The pressure is building on Maricopa County Attorney Bill Montgomery to end his apartheid policies when it comes to the over-charging of undocumented workers, resulting in moms and dads being held nonbondable under Prop 100 and ultimately deported.
In it, Testini accuses Montgomery of "[enforcing] federal immigration laws under the guise of state statute," and of "unequal treatment" toward Latino workers who are "arrested, detained, and prosecuted in Maricopa County."
Testini points out that cases brought to Montgomery's office by the MCSO are tainted because the U.S. Department of Justice "has indicated that forgery and identity theft statutes are specifically used [by the MCSO] to target undocumented Latino workers."
He decries the MCAO's discriminatory charging practices wherein underage wannabe drinkers using false ID to obtain booze are tapped with misdemeanors (if that), while undocumented workers are hit with multiple felony counts for forgery and/or ID theft.
Testini's letter counters each of Montgomery's excuses for maintaining the shameful policies of his disgraced, disbarred predecessor Andrew Thomas, observing Montgomery's unwillingness to pursue employers in the same manner he does employees, and noting his duty under the U.S. Supreme Court's Padilla v. Kentucky decision to negotiate reasonable pleas with noncitizen defendants that do not use the possibility of deportation as a further penalty.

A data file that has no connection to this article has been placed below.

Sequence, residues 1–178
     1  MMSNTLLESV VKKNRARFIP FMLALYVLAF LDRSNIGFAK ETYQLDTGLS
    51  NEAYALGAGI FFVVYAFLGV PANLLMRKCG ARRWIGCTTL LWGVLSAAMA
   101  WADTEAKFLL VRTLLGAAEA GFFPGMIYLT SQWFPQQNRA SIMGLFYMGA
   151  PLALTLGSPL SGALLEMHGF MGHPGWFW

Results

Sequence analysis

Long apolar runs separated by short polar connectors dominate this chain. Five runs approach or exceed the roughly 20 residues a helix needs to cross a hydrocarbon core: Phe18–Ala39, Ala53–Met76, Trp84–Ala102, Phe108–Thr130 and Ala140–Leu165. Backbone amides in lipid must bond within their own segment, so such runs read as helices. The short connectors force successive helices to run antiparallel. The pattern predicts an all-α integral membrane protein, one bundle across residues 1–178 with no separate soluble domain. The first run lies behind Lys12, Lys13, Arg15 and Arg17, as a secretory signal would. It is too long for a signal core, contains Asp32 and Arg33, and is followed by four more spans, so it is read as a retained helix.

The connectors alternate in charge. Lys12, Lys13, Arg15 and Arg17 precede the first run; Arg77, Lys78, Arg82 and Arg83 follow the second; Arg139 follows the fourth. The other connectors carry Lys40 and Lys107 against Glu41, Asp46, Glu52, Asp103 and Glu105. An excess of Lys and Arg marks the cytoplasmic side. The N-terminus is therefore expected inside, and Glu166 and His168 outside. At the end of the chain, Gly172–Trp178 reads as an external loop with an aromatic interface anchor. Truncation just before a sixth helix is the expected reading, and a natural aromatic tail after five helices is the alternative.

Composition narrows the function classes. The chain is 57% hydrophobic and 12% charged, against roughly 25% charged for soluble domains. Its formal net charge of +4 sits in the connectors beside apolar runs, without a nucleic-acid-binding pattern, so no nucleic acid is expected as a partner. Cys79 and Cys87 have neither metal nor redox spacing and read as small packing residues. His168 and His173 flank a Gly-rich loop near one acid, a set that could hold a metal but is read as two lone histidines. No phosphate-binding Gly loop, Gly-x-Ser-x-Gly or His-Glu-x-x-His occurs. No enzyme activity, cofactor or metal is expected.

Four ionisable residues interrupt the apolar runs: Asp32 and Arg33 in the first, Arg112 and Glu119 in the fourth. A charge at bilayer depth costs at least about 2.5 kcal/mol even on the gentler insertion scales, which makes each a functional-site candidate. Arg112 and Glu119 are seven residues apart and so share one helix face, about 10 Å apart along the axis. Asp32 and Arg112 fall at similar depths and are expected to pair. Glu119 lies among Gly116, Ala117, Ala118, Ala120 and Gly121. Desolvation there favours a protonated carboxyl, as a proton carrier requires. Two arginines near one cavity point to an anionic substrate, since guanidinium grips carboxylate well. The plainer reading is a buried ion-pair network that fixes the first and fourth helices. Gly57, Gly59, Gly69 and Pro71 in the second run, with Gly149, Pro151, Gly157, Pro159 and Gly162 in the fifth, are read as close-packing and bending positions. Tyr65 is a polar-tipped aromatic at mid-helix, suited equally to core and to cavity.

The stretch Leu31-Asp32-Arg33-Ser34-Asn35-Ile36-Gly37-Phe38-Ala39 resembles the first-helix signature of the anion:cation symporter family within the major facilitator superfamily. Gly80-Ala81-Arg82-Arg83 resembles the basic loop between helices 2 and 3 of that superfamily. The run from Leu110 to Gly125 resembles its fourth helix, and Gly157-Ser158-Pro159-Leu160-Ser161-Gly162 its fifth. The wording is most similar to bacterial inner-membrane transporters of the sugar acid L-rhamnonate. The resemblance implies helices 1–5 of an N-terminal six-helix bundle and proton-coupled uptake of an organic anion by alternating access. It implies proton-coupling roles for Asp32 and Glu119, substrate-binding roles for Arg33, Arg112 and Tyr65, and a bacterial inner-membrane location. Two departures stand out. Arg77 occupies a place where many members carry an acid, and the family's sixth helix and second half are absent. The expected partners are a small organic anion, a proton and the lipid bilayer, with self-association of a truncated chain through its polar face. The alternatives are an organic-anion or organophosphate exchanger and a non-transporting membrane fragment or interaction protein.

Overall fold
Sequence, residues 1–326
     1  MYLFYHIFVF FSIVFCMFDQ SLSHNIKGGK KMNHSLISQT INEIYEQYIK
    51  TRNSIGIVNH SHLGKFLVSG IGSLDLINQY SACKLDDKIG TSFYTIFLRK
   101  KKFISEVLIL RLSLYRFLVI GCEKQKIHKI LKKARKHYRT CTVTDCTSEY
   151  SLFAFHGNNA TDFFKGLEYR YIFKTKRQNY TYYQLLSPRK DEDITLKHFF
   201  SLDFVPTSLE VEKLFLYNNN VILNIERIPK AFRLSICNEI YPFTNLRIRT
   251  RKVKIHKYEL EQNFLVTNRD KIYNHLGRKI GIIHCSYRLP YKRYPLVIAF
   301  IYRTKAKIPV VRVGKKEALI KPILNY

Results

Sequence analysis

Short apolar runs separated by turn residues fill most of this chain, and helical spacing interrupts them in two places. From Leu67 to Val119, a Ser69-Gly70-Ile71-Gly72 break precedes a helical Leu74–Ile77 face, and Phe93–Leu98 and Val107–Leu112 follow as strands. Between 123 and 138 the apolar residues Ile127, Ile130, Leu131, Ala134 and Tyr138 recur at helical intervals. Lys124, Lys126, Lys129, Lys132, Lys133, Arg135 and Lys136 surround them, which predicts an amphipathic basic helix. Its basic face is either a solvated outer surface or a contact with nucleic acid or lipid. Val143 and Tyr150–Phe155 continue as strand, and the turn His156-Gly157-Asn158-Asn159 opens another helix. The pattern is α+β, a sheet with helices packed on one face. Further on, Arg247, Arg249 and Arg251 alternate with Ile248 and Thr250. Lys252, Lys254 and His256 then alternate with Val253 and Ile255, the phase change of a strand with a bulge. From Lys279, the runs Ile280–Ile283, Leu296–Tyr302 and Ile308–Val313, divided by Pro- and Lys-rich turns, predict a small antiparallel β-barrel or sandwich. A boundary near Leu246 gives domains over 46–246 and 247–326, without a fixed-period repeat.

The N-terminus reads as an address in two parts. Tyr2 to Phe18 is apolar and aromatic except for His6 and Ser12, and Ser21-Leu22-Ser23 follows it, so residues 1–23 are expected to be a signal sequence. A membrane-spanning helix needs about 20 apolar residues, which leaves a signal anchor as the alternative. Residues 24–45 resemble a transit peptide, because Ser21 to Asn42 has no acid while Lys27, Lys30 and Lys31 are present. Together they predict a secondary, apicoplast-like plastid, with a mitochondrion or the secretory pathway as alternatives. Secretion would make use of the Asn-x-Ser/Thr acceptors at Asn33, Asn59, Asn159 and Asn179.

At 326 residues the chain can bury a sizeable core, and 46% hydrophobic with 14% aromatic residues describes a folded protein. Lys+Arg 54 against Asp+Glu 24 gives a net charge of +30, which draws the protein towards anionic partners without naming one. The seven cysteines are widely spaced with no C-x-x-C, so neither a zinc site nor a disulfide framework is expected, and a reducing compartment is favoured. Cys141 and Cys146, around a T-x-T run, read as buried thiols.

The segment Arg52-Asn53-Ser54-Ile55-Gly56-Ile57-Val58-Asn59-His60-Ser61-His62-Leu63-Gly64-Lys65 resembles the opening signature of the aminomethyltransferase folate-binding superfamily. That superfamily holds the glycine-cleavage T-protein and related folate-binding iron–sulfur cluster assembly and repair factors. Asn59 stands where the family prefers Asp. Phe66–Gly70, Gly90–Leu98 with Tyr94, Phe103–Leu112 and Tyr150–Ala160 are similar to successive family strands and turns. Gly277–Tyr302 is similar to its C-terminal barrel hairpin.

"The County Attorney must understand," Testini writes, "that prosecuting non-citizens in a manner that secures their deportation, in addition to a criminal penalty, constitutes unconstitutional prosecutorial misconduct and far exceeds its authority as a State law enforcement agency. The effects of this policy resonate throughout our community and ruin the lives of United States citizens whose family members are subject to the County Attorney‟s unlawful objectives.This is by no means an exaggeration."
In short, the letter is brilliant, and it forces Montgomery to confront the very issues that he seems to wish would just go away.
I know that some of the attorneys who have been pressing Montgomery to change his policies met with him yesterday for a two hour discussion spearheaded by the League of Latin America Citizens, and attended by various prominent Hispanic citizens.
By all accounts, the meeting did not go well, with Montgomery remaining intransigent and unwilling to budge an inch, claiming that he was being painted into a corner, where he could no longer express his support for comprehensive immigration reform.
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I'm also told, by one participant, that he blew his top at the meeting's end, exclaiming, red faced, that he did not like being called a racist.
Actually, Montgomery's painted himself into this corner with his own arrogance and hypocrisy. I'm not sure if anyone has called him a "racist," though his policies in this regard certainly are discriminatory and bigoted.
Here's a question for Monty to ponder, assuming he is capable of self-examination: That is, does it matter if he himself is a racist, if the policy he so stubbornly clings to and continues to implement has a bigoted intent and effect?